Donald Trump represents not just the decline of the American empire—which was already under way despite Obama’s concerted effort to maintain it militarily—but also and more significantly, the collapse of American democracy. This starts with the collapse of the belief in American democracy. Elected with nearly 3 million fewer votes than his rival, Trump triumphed thanks to an unusual combination of circumstances. First among them, of course, is the curious relic called the Electoral College, an ad hoc institution designed for the needs of a confederation of disparate states rather than those of a unified nation.
For his critics on the Democratic side aware of these issues, Obama was acknowledged as a great communicator but an ineffective president.
More significantly, Trump profited from the deep contradictions of a political culture nourished for decades by both parties. Democrats and Republicans alike have consistently attempted to justify themselves and build momentum by reciting credos that increasingly diverged from the reality of their policies.
The Republicans maintained the myth of an economy fueled by small entrepreneurs and family businesses while aligning their politics on the needs of multinational companies and global capitalism. The Democrats maintained the myth of caring for the common man while equally aligning their policies on the needs of global capitalism, the inevitable source of finance for their campaigns.
The Republicans proclaimed their active faith in trickle down economics. They did so in the name of absolute liberty, with no channels to ensure that the trickle arrived in any particular place. Nature would do the rest. The Democrats allowed capitalistic greed to seed the clouds of economic success, but promised to build onto the rooftops of businesses the gutters and drainpipes that would send the rainwater into selected irrigation channels that benefit the common man.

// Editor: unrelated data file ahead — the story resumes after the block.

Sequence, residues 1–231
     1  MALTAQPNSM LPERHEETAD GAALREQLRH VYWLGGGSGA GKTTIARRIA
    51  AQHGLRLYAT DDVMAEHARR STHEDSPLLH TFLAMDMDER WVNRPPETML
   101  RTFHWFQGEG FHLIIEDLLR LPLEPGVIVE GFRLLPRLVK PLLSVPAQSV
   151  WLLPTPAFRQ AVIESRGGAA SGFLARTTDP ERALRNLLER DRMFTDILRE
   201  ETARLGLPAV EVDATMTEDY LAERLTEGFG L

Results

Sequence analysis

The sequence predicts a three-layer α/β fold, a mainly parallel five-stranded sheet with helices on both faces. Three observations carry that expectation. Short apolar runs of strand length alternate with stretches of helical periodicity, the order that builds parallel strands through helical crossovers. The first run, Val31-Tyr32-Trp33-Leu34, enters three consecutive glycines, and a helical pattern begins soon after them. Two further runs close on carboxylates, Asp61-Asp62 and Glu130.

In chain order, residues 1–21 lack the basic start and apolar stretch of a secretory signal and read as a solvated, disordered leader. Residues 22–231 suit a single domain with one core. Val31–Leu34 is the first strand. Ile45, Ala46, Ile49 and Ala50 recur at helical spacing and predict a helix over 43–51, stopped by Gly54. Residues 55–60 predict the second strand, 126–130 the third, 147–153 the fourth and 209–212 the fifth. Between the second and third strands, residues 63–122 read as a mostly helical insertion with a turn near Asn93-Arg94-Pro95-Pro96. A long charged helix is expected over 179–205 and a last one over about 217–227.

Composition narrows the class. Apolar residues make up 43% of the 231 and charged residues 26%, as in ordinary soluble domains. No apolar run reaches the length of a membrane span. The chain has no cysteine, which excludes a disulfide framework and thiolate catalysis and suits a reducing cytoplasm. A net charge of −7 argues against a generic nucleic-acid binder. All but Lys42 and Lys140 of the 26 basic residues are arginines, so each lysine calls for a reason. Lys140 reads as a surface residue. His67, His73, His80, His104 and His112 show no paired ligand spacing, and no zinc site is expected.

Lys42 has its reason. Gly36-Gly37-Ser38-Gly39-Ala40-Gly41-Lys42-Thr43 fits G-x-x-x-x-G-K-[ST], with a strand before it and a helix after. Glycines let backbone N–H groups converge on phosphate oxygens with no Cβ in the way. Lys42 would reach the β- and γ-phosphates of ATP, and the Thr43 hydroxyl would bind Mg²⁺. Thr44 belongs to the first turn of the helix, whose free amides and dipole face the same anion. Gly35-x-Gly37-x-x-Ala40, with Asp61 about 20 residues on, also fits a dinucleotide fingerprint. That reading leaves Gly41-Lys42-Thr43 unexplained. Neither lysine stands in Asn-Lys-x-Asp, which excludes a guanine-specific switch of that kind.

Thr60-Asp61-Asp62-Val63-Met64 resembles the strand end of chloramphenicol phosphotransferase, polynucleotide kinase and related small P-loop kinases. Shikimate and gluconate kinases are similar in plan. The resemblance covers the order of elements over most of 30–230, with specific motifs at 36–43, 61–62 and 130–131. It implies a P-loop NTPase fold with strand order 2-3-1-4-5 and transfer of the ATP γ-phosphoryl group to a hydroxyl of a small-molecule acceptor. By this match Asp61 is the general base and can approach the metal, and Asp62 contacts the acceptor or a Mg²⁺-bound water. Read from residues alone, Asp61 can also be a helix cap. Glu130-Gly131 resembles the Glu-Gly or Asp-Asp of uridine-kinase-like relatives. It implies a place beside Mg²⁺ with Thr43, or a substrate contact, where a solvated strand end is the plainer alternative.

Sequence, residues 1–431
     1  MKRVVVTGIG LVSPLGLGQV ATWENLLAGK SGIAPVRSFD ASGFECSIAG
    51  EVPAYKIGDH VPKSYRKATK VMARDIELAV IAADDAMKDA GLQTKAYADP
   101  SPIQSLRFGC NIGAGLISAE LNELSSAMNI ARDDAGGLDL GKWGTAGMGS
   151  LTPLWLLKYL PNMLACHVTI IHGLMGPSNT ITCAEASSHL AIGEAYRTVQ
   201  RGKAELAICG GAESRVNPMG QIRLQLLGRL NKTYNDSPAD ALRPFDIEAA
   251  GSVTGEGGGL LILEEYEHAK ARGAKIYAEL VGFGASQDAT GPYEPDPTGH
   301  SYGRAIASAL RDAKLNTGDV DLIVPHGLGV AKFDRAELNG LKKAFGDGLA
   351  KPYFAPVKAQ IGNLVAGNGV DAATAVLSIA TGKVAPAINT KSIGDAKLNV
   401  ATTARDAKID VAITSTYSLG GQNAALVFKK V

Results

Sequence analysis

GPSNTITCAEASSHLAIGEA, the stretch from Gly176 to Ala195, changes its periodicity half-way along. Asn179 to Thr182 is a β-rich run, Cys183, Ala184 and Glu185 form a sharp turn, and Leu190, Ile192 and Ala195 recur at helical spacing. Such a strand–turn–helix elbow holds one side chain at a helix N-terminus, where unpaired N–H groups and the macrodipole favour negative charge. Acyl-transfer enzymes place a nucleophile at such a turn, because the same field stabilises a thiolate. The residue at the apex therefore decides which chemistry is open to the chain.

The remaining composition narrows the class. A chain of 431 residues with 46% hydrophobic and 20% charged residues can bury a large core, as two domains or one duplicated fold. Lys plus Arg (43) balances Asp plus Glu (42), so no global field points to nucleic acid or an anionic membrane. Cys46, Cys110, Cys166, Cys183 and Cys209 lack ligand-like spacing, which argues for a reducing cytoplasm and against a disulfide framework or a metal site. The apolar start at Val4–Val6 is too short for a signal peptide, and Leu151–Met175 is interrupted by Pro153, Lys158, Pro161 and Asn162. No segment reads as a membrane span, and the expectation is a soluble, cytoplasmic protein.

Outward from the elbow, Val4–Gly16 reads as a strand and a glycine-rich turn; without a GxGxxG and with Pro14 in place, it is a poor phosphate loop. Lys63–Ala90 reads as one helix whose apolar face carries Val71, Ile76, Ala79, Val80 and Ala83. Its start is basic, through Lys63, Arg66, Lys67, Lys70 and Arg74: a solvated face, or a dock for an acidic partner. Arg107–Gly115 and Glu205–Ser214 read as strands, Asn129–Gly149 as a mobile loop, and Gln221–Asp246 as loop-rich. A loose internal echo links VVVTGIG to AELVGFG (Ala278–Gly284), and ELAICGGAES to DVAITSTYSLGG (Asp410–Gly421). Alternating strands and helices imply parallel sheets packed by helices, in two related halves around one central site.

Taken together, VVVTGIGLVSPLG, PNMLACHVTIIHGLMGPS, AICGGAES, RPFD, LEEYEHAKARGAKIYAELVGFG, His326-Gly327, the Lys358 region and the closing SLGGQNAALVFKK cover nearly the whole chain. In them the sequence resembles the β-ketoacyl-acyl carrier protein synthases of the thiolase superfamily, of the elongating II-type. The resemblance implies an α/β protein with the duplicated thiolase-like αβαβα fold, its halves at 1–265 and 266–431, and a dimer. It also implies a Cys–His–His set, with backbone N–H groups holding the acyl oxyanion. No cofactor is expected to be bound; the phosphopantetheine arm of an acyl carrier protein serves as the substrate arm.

Obama’s Affordable Care Act exemplified this approach. It started by honoring the capitalist principle of profit for powerful private enterprises, the insurers, and then busied itself by building the drains that would irrigate a greater number of people who could afford and opt for health care.
Voters lining up with both parties continued to buy into these dogmas, comforted in their choice by the fact that the economy remained globally prosperous, whoever was in power, and that the consumer society continued to deliver the goods they craved. But cracks in the foundation began to appear. The numbers of voters identifying as either Republicans or Democrats fell over time to levels that no longer radiated the effect of moral adhesion to a set of ideals that has always been the key to keeping democratic institutions stable. By 2016, both parties had fallen below 30%, ceding the plurality to independents, people with no fixed dogma or vision of governance.
Bernie Sanders, an independent culturally affiliated with the Democrats, made his move against the would-be Democratic dynasty of the Clintons, while Trump—of no fixed party persuasion—countered and quickly eliminated the designated heir of the Bush dynasty on the Republican side, before side-lining all the others.